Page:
NCCU senior, Brandi Lawrence-Schumacher, wants her sculpture art to represent a redirecting of her negative emotions in a more positive direction.

Student uses clay to explore and resolve emotional scars


Last semester Brandi Lawrence-Schumacher, a senior at N.C. Central University, completed several sculptures in Myong­sin Choi’s Sculpture I and Sculpture II courses.

According to Lawrence-Schumacher her sculpture focuses on the themes of rage and fury and acceptance. She wants her sculpture to represent an acceptance of her emotions and making them useful for other – less destructive — tasks.

Interdisciplinary Studies student, Brandi Lawrence-Schumacher, at work in Sculpture II class in the NCCU Fine Arts Building. Photo by Kayla Owens

“I tend to have a very quick temper and it always feels like I’m light­ing everything around me on fire until I eventually calm down,” she said. “I’ve worked really hard to take that quick anger and funnel it towards something useful.”

Here she’s working on a clay torso sculpture created with red clay. She said this about working in clay: “It reminds me of myself, moldable and easy to shape.

Mixed medium clay torso wire mesh sculpture created by Brandi Lawrence-Schumacher. Photo by Kayla Owens

Her clay torso sculpture was created by the use of coils, a technique commonly employed in sculpting with clay. The technique includes stacking them up layer by layer and smoothing them out with tools.

For the flower petals Lawrence-Schumacher used wire mesh and used plaster to cover them once she was satisfied with the shape.

She says the flower petals and leaves inside the torso represent accep­tance. The texture used in the sculpture resembles a tree as a way of seeing herself as grounded.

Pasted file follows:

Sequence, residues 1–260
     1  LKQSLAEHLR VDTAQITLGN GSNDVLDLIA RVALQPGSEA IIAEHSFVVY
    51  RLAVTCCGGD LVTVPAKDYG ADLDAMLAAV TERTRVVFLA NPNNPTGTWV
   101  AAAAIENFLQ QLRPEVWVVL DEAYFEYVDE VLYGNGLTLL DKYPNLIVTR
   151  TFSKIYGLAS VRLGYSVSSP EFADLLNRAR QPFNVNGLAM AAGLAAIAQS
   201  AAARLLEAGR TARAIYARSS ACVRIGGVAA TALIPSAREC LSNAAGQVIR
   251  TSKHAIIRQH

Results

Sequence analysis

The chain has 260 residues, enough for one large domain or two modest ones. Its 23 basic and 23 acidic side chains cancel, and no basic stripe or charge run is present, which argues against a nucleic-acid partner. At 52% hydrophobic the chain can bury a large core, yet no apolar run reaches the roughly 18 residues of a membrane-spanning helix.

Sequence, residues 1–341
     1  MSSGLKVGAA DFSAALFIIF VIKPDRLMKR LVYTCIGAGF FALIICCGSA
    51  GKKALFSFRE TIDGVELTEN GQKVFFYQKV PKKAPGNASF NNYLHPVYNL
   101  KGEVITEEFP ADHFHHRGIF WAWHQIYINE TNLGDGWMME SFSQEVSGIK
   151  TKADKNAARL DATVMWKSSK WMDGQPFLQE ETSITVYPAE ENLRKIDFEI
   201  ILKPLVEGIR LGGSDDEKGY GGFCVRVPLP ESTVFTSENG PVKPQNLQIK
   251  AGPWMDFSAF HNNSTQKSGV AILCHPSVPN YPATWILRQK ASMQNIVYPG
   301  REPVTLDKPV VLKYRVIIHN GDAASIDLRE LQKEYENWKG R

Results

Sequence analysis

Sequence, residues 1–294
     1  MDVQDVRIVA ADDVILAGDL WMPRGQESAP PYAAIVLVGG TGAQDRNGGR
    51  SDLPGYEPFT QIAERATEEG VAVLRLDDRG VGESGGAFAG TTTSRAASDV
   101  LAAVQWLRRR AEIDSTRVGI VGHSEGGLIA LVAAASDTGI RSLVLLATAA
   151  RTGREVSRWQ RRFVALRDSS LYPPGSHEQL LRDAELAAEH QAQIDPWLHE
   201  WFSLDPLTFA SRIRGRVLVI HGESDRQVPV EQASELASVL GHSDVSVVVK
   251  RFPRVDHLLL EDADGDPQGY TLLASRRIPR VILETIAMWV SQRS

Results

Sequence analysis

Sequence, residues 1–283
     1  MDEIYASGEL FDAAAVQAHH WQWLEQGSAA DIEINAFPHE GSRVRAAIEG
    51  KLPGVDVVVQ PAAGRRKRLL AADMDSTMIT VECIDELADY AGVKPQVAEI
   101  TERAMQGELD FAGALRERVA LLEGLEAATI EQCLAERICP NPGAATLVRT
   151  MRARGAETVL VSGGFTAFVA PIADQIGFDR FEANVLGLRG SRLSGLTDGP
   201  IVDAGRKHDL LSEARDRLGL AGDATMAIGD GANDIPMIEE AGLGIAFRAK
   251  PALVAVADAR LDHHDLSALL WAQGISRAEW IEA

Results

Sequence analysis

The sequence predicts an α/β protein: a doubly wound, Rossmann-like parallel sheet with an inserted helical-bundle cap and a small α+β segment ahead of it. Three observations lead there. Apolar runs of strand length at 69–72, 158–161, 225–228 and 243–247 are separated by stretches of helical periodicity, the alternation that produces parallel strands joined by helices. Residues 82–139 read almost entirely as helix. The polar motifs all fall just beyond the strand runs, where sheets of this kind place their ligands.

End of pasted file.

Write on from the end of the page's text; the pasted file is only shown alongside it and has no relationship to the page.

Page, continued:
Once she completed the petals and let them dry she painted them. “I don’t have a ton of painting experience so I found that part the hardest. I originally had the petals a different color and the leaves just a flat green, but Mrs. Choi suggested adding more color variation,” said Lawrence-Schumacher.

Another Lawrence-Schumacher is a wire and yarn torso sculpture. This, she says, represents some difficult aspects that she put out of her childhood memories.

“The wire torso is about filling in holes in myself. So I’m working to fill the holes with something better,” she said. She said she used cool colors to symboliz­e how she feels today: mellow.

Brandi-Lawrence Schumacher at work on a self portrait sculpture. Photo by Kayla Owens

Her instructor, NCCU adjunct Myongsin Choi, was born in Seoul, South Korea. Choi has professional work done in ceramics, sculpture, and drawing. She has taught at Rutgers Universi­ty, U.N.C. Chapel Hill, and University of International Business and Economics in Beijing, China.

“Brandi has taken her pain into a healing force in her work,” said Choi. “The completion of this piece shows resilience to overcome and place her emotions into art.”

Choi herself has used her art to explore important issues about the human experience.

“My work in ceramics and sculpture and printmaking and drawing for the past 37 years has centered on macro-level themes, progression, and patterns of human life,” said Choi.

Surprising, given the quality of her work, Lawrence-Schumacher is not an art major. She is majoring in Interdisci­plinary Studies with a concentration in Race, Gender and Class.

“I’ve always liked to draw, but never thought that I would be able to take an actual art class,” she said. And now her art has become as she puts it “about accepting the fire and learning to use it for some­thing better.”

Lawrence-Schumacher has now set herself the goal of taking at least one art class a semester while at NCCU.

Story by Kayla Owens
Campus Echo Staff Reporter




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